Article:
|Chennai||Rs. 27770.00 (-0.14%)|
|Mumbai||Rs. 29200.00 (2.31%)|
|Delhi||Rs. 27900.00 (-0.36%)|
|Kolkata||Rs. 28270.00 (1%)|
|Kerala||Rs. 27050.00 (-0.37%)|
|Bangalore||Rs. 27550.00 (1.66%)|
|Hyderabad||Rs. 27770.00 (-0.14%)|
The government meets two objectives by pushing a made-in-India electronics policy: create a market for indigenous electronics products and safeguard the country from cyber attacks.
The Centre will soon come up with a notification, which will make it mandatory for all government departments to procure a part of their information and technology (IT) requirements such as desktops, laptops, printers, etc, from domestic companies that manufacture the product locally.
While the drive will help the domestic sector, it will also help the government ensure there are no cyber attacks from malware loaded on devices manufactured abroad.
"We are in the process of coming up with notifications for procurement of IT products, under which preference would be given to manufactured-in-India electronic products for all government procurements and procurement by government licensees," said a senior government official.
Under the new guidelines, government agencies will have to procure not less than 30 per cent of their IT requirements from the domestic manufacturers. For example, if 100,000 laptops are to be procured for a government project, then the government will have to buy at least 30,000 laptops from domestic manufacturers or foreign companies manufacturing the product in India. This is going to create a huge opportunity for domestic players, as well as foreign players manufacturing in India. In its Gujarat election manifesto, the Congress party has promised free laptops to students in the state.
If implemented, this would be a few hundreds of thousands of laptops. The Uttar Pradesh government has already announced that it will procure around 1.5 million laptops to give away to students.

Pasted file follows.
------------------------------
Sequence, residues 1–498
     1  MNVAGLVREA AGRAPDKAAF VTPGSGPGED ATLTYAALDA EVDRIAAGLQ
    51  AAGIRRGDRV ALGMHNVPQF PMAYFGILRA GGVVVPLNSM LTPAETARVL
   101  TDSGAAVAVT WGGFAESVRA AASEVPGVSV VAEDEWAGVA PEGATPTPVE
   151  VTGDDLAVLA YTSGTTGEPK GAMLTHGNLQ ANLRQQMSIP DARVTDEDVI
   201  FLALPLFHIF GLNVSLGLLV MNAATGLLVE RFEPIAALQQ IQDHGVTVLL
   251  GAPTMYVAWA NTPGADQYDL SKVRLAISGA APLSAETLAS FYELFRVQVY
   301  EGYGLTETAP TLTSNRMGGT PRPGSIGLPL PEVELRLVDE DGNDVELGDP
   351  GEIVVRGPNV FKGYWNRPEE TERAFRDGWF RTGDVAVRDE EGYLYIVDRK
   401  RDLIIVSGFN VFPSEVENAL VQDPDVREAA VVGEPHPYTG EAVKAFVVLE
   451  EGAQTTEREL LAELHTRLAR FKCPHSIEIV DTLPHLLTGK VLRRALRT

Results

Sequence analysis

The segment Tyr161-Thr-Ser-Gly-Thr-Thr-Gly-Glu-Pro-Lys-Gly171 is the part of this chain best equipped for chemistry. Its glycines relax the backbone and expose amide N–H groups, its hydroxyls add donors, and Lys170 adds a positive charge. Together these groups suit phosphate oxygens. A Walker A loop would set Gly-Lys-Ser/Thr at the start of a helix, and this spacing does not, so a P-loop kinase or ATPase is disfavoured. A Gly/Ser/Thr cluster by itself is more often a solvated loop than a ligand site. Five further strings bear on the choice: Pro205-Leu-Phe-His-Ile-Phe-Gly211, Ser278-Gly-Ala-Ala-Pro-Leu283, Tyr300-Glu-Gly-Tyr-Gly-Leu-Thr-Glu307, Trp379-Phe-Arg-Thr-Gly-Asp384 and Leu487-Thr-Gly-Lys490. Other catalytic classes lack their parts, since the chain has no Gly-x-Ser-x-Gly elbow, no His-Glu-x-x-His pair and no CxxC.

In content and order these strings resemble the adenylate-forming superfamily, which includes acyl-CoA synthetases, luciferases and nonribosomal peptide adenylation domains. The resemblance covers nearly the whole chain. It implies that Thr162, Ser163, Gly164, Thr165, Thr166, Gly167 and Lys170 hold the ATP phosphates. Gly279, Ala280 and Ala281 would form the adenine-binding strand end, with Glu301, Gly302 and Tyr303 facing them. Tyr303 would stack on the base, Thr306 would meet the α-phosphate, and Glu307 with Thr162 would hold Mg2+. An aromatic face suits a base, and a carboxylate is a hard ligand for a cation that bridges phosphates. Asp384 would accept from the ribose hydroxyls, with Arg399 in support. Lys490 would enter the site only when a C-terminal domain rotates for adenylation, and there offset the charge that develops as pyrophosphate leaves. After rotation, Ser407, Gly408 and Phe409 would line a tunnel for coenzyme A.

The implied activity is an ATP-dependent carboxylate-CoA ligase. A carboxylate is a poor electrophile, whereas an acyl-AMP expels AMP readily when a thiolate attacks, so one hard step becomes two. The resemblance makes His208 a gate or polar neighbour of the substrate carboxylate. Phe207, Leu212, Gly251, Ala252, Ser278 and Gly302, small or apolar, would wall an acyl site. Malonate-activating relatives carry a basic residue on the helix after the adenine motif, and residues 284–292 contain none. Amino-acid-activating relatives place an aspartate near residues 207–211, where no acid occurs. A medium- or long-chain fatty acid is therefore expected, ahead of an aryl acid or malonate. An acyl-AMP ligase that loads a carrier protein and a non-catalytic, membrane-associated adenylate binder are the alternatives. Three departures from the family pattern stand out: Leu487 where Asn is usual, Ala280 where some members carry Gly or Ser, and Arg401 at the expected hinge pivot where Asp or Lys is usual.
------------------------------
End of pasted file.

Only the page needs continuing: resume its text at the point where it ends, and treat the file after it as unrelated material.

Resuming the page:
Besides giving impetus to the domestic hardware manufacturing sector, the new guidelines will address strategic and security concerns of the government.
"Most electronics items are being imported. This creates a huge security hazard, especially for the critical sector. The imported products may have chips loaded with malware, which can siphon off critical information," said a government official.
Earlier this year, the government had said it would provide preference to domestically manufactured telecom products, especially to those with security implications. The new rule is a part of the national electronics manufacturing policy that came into effect from October this year. Under this rule, all the ministries will have to notify what percent of their hardware needs they are procuring from domestic players.
"With increasing of electronics devices and IT applications in various sectors, the critical applications are vulnerable to cyber attacks. As use of electronics and IT becomes pervasive, the ability to use these devices or applications to disrupt normal human life and threaten life and property by an inimical interest has become increasingly common," a government notification proposing the policy said.
It further added that India has suffered attacks on its critical infrastructure from agencies opposed to India. "A malicious hardware can be triggered to launch an attack. The situation is further compounded because the technology has yet to develop which can definitively detect such malicious hardware."